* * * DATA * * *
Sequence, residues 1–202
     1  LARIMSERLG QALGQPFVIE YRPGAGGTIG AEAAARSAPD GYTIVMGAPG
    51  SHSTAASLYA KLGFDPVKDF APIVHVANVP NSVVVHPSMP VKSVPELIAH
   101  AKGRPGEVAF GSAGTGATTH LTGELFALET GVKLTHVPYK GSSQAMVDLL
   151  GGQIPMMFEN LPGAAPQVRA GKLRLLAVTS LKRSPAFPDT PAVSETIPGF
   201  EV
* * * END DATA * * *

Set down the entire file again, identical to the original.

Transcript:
Sequence, residues 1–202
     1  LARIMSERLG QALGQPFVIE YRPGAGGTIG AEAAARSAPD GYTIVMGAPG
    51  SHSTAASLYA KLGFDPVKDF APIVHVANVP NSVVVHPSMP VKSVPELIAH
   101  AKGRPGEVAF GSAGTGATTH LTGELFALET GVKLTHVPYK GSSQAMVDLL
   151  GGQIPMMFEN LPGAAPQVRA GKLRLLAVTS LKRSPAFPDT PAVSETIPGF
   201  EV